Trintignant dies after head trauma

French actress succumbs despite two brain surgeries

PARIS — Whisky-voiced French thesp Marie Trintignant died of a cerebral edema on Friday at a clinic in the Paris suburb of Neuilly. She was 41.

Trintignant had been in a coma since July 27 after being struck by her boyfriend — pop star Bertrand Cantat of the French group Noir Desir — in their hotel room in Vilnius, Lithuania. She was there starring as Colette in an eponymous TV film about the author, helmed by her mother Nadine Trintignant.

Taken unconscious to a Vilnius hospital several hours after hitting her head, Trintignant underwent brain surgery. A second last-ditch operation by a neurosurgeon flown in by the French government failed to improve her condition.

Brain dead and sustained on a respirator, the actress was flown back to France Thursday evening at the request of her parents, Nadine Trintignant and vet thesp Jean-Louis Trintignant (“A Man and a Woman.”).

The Paris prosecutor’s office released autopsy results showing that Trintignant died as the result of multiple blows to the head. Cantat has admitted the two had a violent argument that led to her fatal injuries.

Cantat, 39, with whom Trintignant had been involved for less than a year, is in police custody in Vilnius and Trintignant’s family has filed charges for assault and “failure to assist a person in danger.”Noir Desir, a fixture of French popular music since 1987, has cancelled its gigs and the group’s future is uncertain.

Trintignant first appeared on film at age 4 in her mother’s feature “Mon Amour, Mon Amour,” and went on to act in more than 40 movies and over a dozen TV projects. Her distinctive husky voice lent itself to characters ranging from fragile to tough and serious to comic.

Her most noteworthy films include Alain Corneau’s “Serie Noire” (1978) and two Claude Chabrol features, “Story of Women” (1988) and “Betty” (1992), a claustrophobic two-hander in which she starred as a disillusioned bourgeois alcoholic opposite Stephane Audran.

In 1990’s “Nuit d’ete en ville” (Summer Night in Town) directed by Michel Deville she played almost the entire two-character film in the nude opposite Jean-Hugues Anglade.

Trintignant added distinction to offbeat ensemble comedies such as 1993’s “Les marmottes” (The Groundhogs) directed by Elie Chouraqui for whom she also appeared briefly in the English-language “Harrison’s Flowers” in 2000.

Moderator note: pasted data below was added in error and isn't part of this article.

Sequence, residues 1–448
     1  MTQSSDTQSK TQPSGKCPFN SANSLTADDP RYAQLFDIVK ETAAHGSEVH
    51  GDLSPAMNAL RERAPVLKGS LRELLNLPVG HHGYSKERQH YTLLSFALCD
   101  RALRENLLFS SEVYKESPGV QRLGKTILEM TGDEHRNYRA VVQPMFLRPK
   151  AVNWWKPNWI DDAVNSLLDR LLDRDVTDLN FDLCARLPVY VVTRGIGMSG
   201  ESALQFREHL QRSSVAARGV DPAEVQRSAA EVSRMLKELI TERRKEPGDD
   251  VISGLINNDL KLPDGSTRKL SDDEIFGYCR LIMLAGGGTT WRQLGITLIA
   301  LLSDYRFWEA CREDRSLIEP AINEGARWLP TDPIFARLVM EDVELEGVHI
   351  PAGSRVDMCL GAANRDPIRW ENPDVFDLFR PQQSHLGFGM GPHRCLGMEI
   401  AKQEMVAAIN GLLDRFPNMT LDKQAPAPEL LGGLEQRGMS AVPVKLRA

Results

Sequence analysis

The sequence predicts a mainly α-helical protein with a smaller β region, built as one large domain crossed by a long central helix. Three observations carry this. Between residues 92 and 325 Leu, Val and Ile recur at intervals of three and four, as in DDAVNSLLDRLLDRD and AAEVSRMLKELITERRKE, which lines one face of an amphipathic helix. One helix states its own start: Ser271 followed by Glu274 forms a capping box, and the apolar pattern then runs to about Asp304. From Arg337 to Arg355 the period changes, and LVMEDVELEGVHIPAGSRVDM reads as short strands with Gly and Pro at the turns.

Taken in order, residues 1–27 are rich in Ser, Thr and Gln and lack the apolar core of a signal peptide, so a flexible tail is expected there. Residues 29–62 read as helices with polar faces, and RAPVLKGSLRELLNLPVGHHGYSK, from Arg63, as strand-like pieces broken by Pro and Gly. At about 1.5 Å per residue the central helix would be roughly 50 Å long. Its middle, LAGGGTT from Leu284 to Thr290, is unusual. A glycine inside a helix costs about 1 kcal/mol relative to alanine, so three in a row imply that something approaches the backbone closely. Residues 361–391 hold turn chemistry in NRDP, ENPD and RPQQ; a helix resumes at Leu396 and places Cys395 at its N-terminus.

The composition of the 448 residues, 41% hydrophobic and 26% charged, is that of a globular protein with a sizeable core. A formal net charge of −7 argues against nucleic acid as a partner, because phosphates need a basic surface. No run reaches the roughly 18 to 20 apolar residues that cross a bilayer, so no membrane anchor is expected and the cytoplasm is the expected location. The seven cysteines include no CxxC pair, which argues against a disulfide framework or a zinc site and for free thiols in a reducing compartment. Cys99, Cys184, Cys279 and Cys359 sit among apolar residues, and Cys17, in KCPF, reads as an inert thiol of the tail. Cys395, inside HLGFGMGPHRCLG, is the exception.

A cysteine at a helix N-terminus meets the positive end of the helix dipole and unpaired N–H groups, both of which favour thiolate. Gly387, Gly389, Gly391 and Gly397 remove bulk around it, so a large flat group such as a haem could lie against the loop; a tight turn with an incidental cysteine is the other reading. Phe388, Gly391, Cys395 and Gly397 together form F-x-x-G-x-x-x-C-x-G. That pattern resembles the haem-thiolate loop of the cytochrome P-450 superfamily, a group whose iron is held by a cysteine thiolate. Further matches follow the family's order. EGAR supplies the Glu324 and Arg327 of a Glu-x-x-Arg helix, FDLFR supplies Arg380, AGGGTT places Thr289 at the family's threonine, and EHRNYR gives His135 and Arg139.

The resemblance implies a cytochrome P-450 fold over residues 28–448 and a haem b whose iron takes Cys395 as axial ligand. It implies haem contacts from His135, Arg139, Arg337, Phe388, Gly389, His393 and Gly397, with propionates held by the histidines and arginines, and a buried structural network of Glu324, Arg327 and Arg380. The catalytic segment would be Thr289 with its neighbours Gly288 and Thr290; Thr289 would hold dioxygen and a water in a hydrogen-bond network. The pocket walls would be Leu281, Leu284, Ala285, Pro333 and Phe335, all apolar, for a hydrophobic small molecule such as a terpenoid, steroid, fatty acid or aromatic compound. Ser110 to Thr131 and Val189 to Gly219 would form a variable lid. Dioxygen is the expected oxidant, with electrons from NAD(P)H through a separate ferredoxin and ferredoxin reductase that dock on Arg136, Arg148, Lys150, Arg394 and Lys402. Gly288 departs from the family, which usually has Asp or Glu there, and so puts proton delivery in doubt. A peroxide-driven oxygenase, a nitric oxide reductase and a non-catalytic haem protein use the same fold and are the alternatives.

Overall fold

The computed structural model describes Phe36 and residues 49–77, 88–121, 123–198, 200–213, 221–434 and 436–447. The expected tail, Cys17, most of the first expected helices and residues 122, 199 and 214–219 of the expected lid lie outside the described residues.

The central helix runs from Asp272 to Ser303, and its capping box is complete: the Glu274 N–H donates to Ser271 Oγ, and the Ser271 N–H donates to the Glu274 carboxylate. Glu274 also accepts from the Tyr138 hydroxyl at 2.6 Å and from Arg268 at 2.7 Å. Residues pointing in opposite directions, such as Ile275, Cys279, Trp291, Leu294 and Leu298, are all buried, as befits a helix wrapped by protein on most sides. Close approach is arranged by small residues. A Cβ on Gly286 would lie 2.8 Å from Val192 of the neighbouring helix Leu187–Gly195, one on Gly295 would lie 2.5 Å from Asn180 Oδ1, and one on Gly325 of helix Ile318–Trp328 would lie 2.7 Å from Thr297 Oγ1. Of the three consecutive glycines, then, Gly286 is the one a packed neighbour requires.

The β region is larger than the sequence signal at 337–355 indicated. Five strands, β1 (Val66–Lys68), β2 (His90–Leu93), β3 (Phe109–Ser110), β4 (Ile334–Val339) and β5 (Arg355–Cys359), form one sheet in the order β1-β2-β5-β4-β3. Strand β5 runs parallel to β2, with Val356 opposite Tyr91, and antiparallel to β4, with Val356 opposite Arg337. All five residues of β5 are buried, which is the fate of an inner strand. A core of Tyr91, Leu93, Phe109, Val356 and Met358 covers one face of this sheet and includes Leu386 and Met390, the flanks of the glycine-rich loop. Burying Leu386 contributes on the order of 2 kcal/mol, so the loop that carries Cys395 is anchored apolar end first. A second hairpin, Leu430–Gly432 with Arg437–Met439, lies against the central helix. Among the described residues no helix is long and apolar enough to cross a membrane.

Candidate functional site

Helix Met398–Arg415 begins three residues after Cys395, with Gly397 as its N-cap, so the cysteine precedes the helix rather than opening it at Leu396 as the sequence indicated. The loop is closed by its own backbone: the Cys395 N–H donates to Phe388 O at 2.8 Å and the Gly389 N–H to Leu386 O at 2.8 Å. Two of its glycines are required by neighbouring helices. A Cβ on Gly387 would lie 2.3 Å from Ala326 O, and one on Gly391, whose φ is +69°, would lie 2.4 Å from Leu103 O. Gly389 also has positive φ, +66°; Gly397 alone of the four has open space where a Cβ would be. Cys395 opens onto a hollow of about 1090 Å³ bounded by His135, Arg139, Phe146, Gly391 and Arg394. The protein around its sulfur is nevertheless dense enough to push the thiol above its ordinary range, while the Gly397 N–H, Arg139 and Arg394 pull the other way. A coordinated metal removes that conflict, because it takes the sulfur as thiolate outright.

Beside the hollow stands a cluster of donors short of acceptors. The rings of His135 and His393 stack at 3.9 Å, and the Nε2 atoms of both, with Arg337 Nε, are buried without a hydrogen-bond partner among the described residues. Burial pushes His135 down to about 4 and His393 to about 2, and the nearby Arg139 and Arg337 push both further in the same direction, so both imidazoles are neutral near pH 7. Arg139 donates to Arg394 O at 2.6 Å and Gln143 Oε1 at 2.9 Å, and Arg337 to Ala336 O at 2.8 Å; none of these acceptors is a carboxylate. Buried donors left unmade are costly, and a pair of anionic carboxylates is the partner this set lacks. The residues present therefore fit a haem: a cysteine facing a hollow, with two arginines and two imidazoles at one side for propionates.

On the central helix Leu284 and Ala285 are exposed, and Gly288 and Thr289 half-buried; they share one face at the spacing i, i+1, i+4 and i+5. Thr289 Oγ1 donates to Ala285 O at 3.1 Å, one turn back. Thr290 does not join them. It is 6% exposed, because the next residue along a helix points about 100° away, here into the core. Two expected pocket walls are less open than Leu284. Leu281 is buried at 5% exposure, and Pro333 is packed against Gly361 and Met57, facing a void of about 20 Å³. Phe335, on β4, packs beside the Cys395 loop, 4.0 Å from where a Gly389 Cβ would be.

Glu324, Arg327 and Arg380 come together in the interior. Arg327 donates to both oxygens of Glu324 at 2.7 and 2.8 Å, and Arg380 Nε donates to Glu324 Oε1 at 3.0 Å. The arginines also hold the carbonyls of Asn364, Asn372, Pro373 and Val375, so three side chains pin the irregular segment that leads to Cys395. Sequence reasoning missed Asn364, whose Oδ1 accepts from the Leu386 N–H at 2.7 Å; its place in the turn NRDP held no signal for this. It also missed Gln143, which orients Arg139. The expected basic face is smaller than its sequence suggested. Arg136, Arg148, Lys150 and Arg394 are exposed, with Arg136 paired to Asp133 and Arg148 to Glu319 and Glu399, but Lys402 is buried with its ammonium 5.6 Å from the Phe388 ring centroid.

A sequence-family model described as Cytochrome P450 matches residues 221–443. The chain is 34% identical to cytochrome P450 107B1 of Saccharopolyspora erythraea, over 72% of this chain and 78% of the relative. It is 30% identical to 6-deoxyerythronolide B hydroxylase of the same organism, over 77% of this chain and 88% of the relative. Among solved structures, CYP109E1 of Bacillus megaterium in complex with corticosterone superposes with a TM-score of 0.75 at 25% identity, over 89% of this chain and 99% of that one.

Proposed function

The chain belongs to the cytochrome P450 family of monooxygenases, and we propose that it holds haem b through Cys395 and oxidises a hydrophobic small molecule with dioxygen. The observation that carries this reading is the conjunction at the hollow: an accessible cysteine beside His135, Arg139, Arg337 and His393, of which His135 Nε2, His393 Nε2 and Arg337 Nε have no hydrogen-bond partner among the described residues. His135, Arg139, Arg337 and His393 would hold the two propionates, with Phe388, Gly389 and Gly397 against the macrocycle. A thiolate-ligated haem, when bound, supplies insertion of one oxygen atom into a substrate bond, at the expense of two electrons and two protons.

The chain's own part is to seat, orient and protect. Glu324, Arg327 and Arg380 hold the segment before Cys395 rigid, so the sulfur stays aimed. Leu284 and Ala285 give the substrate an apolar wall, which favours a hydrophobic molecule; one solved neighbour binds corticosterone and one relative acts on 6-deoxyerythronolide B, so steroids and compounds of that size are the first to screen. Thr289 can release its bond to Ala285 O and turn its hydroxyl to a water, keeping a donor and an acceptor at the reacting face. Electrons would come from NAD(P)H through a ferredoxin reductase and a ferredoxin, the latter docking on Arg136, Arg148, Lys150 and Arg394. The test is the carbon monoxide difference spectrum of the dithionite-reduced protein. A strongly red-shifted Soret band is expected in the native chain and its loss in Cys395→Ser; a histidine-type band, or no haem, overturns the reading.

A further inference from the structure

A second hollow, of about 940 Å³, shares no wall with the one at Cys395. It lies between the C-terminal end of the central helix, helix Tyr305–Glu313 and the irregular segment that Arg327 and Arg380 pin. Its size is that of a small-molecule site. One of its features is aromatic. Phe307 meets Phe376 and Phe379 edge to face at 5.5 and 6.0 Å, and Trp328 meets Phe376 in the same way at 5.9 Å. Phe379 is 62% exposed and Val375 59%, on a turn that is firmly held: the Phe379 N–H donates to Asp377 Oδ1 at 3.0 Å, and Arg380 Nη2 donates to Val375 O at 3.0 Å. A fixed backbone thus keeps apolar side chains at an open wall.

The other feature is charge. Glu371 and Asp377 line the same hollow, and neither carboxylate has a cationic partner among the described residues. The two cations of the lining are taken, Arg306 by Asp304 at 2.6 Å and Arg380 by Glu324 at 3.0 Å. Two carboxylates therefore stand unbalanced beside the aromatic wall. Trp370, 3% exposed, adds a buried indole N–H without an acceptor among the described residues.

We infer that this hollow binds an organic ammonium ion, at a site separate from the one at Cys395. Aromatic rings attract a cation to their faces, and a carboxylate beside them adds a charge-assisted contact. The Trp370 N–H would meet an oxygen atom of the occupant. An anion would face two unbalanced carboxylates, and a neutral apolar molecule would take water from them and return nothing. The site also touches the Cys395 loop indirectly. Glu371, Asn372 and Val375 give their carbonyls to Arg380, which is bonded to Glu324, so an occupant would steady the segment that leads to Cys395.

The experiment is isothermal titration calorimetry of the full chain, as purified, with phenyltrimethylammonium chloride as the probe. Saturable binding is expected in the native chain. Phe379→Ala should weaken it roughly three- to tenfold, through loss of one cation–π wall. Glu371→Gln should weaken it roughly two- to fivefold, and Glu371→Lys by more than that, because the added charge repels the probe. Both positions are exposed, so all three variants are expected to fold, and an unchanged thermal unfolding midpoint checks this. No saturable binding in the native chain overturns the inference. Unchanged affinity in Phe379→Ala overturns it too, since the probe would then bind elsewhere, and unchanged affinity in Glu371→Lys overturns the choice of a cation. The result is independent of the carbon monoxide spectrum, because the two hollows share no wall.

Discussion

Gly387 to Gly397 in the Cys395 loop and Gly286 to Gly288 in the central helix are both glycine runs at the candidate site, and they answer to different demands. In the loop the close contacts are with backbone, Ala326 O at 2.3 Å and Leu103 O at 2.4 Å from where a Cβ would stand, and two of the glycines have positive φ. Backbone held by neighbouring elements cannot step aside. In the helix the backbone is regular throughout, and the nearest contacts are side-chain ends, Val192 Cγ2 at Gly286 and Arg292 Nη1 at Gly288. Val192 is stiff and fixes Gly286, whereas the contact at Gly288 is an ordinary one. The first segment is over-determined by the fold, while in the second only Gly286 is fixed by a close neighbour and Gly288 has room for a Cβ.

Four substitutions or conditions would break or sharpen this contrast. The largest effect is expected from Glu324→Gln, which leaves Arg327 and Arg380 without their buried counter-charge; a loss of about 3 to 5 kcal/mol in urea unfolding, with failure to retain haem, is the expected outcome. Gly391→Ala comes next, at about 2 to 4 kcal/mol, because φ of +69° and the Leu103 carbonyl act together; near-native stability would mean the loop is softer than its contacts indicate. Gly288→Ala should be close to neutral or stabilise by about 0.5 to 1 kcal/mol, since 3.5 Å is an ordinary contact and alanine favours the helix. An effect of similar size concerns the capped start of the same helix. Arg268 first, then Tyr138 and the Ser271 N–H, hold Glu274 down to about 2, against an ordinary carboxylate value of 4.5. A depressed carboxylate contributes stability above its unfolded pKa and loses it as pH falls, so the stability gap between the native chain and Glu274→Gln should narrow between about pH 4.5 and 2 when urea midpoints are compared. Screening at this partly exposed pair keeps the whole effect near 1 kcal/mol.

Her affection for off-kilter characters flourished in three black comedies by Pierre Salvadori, 1993’s “Cible emouvante” (Wild Target), “Les Apprentis” (1995), and 1998’s “Comme elle respire” (White Lies). In Yvon Marciano’s period drama “Le Cri de la soie” (Scream of Silk, 1996) Trintignant starred as an illiterate woman driven to clinical ecstasy by the touch of silk.

Trintignant was close to her family both personally and professionally. She convinced her semi-retired father to star in Krzysztof Kieslowski’s “Red” (1994). In 1999 father and daughter appeared together in a show of staged readings of Guillaume Apollinaire’s poetry.

Trintignant co-wrote with her mother the screenplay to “Colette,” which Nadine Trintignant was directing for web France 2 with her son Vincent Trintignant, as assistant director.

Trintignant’s parents divorced in 1976; following her striking adolescent perf in his “Serie Noire,” the thesp appeared in several more films by her mother’s subsequent mate, helmer Alain Corneau.

Trintignant’s most recent bigscreen role was in the comedy “Janis and John”, by Samuel Benchetrit, the father of her two youngest sons, Leon, 7, and Jules, 5. Pic is due for a fall release.

Cantat’s attack was allegedly prompted by jealousy after Trintignant took a phone call from Benchetrit, her husband since 1997 and the father of her two youngest sons, aged 5 and 7.

Also pending release is “Les Marins Perdus” (Lost Seamen) directed by Claire Devers, in which Audrey Tautou appears.

Tributes to Trintignant have poured in from colleagues and dignitaries including culture minister Jean-Jacques Aillagon and French president Jacques Chirac.

She is survived by her mother, father, brother, sons Leon and Jules, and sons, Roman, 17, whose father is the drummer with the rock band Telephone, and Paul, 15, whose father is thesp Francois Cluzet.